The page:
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Mark 10:24 why was the end changed?

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In Mark 10: 24 it use to say "Children, how hard it is for those who trust in riches" to enter the Kingdom of God.: NKJ ad the is almost the same How far back in older versions of the Bible did it have closer reading to the above? When was it removed. Sources please.
 
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In Mark 10: 24 it use to say "Children, how hard it is for those who trust in riches" to enter the Kingdom of God.: NKJ ad the is almost the same How far back in older versions of the Bible did it have closer reading to the above? When was it removed. Sources please.
It just depended on the manuscript. It has always been omitted or included.
 
New Member
Funny, because scholars have pointed out that this wording is in all four families of Manuscripts...so why would these new modernist versions delete them?
How are translations that use older manuscripts modernist?

The passage is found and absent in various manuscripts since the early days. Its not deleting a passage is it isn't there - that would be adding something.
 
Funny, because scholars have pointed out that this wording is in all four families of Manuscripts...so why would these new modernist versions delete them?

Paul: Got hold off a real Biblical scholar who does this kind of research. The phase was not in any manuscript up to 4th century. After the 5th century it begins to appear. Who put it in is unsure.
How interesting this was for me.
 
It is actually found since the 100s.
According to what I could find, and granting that Vaticanus and Sinaiticus omit them… "for them that trust in riches" are found in the majority of all Greek texts, and also the Old Latin a, also b, d, f, ff2, l, q, A, C, D, as well as 21 Uncial copies, the Syriac Peshitta, the Coptic Boharic, Gothic, Armenian, Georgian and Ethiopic versions…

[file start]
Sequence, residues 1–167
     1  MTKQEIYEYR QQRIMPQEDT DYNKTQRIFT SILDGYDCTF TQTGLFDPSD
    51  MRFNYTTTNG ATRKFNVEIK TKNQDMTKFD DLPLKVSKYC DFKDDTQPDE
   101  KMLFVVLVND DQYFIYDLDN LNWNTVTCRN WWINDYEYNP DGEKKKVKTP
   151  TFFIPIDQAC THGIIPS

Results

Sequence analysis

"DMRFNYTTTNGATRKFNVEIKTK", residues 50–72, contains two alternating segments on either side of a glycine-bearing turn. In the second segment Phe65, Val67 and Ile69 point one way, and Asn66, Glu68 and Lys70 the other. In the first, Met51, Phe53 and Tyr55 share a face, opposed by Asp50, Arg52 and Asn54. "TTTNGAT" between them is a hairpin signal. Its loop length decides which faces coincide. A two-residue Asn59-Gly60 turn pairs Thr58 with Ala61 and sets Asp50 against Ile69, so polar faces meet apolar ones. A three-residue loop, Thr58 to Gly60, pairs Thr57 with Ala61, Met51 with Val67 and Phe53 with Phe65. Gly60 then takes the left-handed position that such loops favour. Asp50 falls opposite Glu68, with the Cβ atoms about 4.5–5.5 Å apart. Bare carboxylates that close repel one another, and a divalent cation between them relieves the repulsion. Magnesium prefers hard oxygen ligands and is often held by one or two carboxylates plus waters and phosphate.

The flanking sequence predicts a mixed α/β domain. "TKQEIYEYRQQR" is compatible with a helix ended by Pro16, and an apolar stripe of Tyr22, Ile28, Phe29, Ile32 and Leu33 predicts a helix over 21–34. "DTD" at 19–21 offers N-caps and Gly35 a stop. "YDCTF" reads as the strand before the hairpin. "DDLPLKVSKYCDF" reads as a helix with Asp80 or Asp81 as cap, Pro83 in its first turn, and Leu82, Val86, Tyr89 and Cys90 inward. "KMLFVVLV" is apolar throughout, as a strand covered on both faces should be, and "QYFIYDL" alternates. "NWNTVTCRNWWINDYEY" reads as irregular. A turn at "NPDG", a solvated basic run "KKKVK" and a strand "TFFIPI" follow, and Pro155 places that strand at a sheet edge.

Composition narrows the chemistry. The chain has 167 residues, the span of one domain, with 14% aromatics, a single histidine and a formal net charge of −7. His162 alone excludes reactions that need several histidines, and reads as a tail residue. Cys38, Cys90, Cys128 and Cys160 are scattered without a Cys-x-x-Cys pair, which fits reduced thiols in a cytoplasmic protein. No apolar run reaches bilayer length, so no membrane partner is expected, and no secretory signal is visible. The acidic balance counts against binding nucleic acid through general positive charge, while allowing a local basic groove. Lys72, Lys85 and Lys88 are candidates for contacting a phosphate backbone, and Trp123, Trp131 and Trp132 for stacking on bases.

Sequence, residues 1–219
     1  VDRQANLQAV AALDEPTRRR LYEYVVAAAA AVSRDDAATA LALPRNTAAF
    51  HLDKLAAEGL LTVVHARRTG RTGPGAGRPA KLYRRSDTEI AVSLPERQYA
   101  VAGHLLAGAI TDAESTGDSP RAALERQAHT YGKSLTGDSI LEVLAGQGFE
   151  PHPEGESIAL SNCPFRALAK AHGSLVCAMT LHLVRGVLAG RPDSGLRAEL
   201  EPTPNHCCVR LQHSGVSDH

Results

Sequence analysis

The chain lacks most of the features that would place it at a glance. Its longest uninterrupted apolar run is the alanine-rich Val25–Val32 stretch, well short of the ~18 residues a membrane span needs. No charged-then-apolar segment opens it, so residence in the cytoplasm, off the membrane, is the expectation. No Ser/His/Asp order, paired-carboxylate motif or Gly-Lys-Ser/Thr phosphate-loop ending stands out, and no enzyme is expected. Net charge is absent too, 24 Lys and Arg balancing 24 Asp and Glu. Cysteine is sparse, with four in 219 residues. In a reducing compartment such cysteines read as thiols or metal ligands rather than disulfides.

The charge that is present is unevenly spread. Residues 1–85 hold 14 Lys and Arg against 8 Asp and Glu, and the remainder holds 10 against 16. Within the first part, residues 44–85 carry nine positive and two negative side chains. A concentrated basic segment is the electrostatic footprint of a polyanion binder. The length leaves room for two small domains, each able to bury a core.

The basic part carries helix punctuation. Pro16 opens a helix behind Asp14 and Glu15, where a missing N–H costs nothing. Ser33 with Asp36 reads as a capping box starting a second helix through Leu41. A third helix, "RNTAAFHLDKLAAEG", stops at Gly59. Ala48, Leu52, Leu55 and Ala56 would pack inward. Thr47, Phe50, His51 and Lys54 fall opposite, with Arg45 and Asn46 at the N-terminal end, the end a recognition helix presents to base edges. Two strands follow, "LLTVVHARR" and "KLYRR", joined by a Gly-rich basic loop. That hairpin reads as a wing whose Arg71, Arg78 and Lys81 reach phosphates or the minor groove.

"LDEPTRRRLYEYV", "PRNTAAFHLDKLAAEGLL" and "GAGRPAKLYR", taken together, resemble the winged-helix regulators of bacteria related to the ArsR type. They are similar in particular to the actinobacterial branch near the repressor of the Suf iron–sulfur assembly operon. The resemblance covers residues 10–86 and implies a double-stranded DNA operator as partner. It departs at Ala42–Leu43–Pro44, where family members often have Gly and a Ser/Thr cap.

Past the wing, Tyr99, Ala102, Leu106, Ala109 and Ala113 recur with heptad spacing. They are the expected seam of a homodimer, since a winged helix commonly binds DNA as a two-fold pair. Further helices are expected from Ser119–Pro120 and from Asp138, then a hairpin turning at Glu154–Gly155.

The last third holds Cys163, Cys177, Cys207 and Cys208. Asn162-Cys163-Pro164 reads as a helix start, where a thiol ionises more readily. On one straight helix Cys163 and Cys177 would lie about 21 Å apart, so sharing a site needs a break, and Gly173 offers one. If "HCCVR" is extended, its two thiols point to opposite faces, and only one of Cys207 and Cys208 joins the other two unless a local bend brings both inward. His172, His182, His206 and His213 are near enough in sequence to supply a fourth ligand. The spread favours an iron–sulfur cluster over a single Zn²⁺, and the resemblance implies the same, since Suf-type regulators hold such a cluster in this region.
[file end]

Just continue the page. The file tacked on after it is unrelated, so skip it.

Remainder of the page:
Many of these are pre-4th century so you are probably right...
 
According to what I could find, and granting that Vaticanus and Sinaiticus omit them… "for them that trust in riches" are found in the majority of all Greek texts, and also the Old Latin a, also b, d, f, ff2, l, q, A, C, D, as well as 21 Uncial copies, the Syriac Peshitta, the Coptic Boharic, Gothic, Armenian, Georgian and Ethiopic versions…

Many of these are pre-4th century so you are probably right...

I thank you, however I could sure use some source's references, as I know my dear friend would want t correct his statement. can you help me with a bit more specifics, please. I don't know all this textual stuff at all. Tanks
 
I thank you, however I could sure use some source's references, as I know my dear friend would want t correct his statement. can you help me with a bit more specifics, please. I don't know all this textual stuff at all. Tanks
Well first off all Majority Text samples (95% of extant samples) include the phrase with no rebuke from any church writer. The Textus Receptus samples agree as does Berry's Greek text. Also think about this logically...the phrase falls right at the end of Jesus discourse with the rich young ruler who could not part with his riches to obtain the kingdom.